Filter your runs down via the --include-endpoint <endpoint> flag to the mapi run, or other filtering methods documented in more detail here.

Step Two: Logs

When looking at logs, what you're looking for are patterns: what kinds of requests is Mayhem for API making, and why are they failing? What kinds of requests is Mayhem for API not making, and how can it be coerced into making them?

Start by looking at your own service logs, since hopefully you're familiar with those!

If your own logs aren't illuminating enough, you can also capture the full request/response payloads of an entire fuzzing run using the --har <file> flag to mapi run. The output is in JSON HAR format.

Step Three: Reach Out!

Don't hesitate to reach out to us on Discord or by emailing Between your expertise with your service, and our expertise with Mayhem for API, we should be able to figure it out!

How To Improve Successful Coverage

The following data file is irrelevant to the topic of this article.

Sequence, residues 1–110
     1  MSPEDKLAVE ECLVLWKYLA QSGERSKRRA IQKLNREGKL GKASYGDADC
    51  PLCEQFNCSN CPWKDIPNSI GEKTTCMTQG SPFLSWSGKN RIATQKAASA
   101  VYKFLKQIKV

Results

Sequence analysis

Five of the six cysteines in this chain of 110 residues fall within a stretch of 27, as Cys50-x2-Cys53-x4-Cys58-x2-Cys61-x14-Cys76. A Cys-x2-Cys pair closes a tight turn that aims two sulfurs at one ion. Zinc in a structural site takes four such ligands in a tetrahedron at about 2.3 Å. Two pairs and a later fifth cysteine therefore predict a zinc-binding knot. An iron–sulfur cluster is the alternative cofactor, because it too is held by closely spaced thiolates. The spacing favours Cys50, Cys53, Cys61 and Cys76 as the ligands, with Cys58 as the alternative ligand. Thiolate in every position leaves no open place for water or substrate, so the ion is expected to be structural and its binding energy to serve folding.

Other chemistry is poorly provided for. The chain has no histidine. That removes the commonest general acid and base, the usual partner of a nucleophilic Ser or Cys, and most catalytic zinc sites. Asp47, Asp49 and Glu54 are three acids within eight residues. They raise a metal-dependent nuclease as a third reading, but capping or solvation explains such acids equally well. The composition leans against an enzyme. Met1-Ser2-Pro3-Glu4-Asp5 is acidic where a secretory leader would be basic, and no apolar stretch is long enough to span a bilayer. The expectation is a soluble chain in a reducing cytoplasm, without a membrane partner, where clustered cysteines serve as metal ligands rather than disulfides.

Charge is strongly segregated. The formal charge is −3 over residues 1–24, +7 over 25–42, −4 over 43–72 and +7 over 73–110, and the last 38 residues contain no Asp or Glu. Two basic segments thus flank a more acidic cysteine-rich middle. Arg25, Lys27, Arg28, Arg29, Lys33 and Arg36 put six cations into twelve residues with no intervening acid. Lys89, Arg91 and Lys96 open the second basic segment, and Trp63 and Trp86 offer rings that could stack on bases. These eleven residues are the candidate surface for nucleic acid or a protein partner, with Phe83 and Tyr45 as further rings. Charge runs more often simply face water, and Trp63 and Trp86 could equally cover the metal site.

Correct the URLs

Mayhem for API always constructs URLs by concatenating each endpoint's path with a common server URL.

The paths are taken directly from the API specification.

The server URL is given via the --url <url> argument to mapi run. (There are other ways, but we'll focus on this one, as it is the most explicit!)

Sometimes the specification elides a common prefix from all endpoints. Consider a specification:


If the complete URLs are supposed to be https://localhost/api/v2/version and https://localhost/api/v2/user, the common prefix (/api/v2) will need to be included in the server URL given to Mayhem for API:

mapi run ... --url 'https://localhost/api/v2'

Improve The Spec

Often, Mayhem for API just needs a bit more... specificity... in the specification, in order to successfully cover an endpoint.

Provide Schemas

If Mayhem for API is consistently unable to generate structurally valid payloads, this can usually be resolved by adding or refining schemas in the spec.